By Choekyi Lhamo
DHARAMSHALA, Mar. 1: Chinese state-sponsored hackers have reportedly attacked Tibetan organizations in exile by using a malicious Firefox add-on that was aimed to steal Gmail and Firefox data and download malware on infected systems, according to cybersecurity firm Proofpoint. The sketchy phishing email intercepted by the firm posed as a message from the “Tibetan Women’s Association” and used the email subject “Inside Tibet and from the Tibetan exile community”. The attacks this month have been linked to a group under the codename of TA413 that targeted only Firefox users with an active Gmail session.
The Digital Security Program Director at Tibet Action Institute, Lobsang Gyatso Sither told Phayul, “In the last year or so, the number of targeted phishing attacks on the Tibetan community has been on the rise and we have been working with different Tibetan organizations to mitigate these threats. At the same time, we can see that the attacks are campaigns that have been running for years and the most recent report by Proofpoint also shows that APT group has been active since 2013 and continues to operate to compromise Tibetans.”
The tech expert also cautioned against changing behaviours of such attacks, “instead of using an attachment or a link as seen more traditionally, this attack tries to make the user install a plugin so that the attacker can access to the users email account.” Proofpoint said that the attackers targeted Tibetan organizations with spear-phishing emails that took the members on websites where they’d be prompted to install a Flash update to view the content.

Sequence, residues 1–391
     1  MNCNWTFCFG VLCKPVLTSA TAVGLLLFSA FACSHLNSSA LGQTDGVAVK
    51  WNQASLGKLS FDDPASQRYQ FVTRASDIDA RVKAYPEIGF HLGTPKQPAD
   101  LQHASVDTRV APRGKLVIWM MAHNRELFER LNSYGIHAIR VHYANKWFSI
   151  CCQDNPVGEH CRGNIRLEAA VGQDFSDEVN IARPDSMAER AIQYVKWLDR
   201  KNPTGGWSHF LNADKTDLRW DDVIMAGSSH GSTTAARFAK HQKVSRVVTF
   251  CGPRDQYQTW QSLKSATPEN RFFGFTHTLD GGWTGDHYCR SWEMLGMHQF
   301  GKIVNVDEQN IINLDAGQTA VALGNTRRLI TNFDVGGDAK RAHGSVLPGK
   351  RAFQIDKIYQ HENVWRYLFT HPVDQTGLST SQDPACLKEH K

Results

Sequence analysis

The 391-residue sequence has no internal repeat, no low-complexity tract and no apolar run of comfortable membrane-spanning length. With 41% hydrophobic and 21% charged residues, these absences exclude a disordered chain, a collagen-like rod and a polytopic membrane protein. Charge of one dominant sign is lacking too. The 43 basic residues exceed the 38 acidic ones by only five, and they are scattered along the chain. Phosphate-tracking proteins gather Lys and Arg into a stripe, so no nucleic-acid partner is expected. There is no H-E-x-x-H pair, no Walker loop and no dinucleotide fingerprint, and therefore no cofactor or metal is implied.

The cybersecurity firm noted that the extension also downloaded and installed the Scanbox malware on infected systems. The last recorded case of a ScanBox attack dates back to 2019 when Recorded Future reported attacks against visitors of Pakistani and Tibetan websites. This particular campaign codenamed ‘FriarFox’ started attacking early in Jan 2021 and continued throughout February. While this particular campaign targeted the Tibetan community, APT TA413 has been known to take aim at other political targets including European politicians last year.
Senior Director of threat research and detection at Proofpoint, Sherrod DeGrippo said, “Malicious browser plugins aren’t new, but they are an often-forgotten attack surface in many enterprises, and it was surprising to see an APT actor aligned with the Chinese state use this method . . . The complex delivery method of the tool, which we call the ‘FriarFox’ browser extension, grants this APT actor near total access to the Gmail accounts of their victims, which is especially troubling as email accounts really are among the highest value assets when it comes to human intelligence.”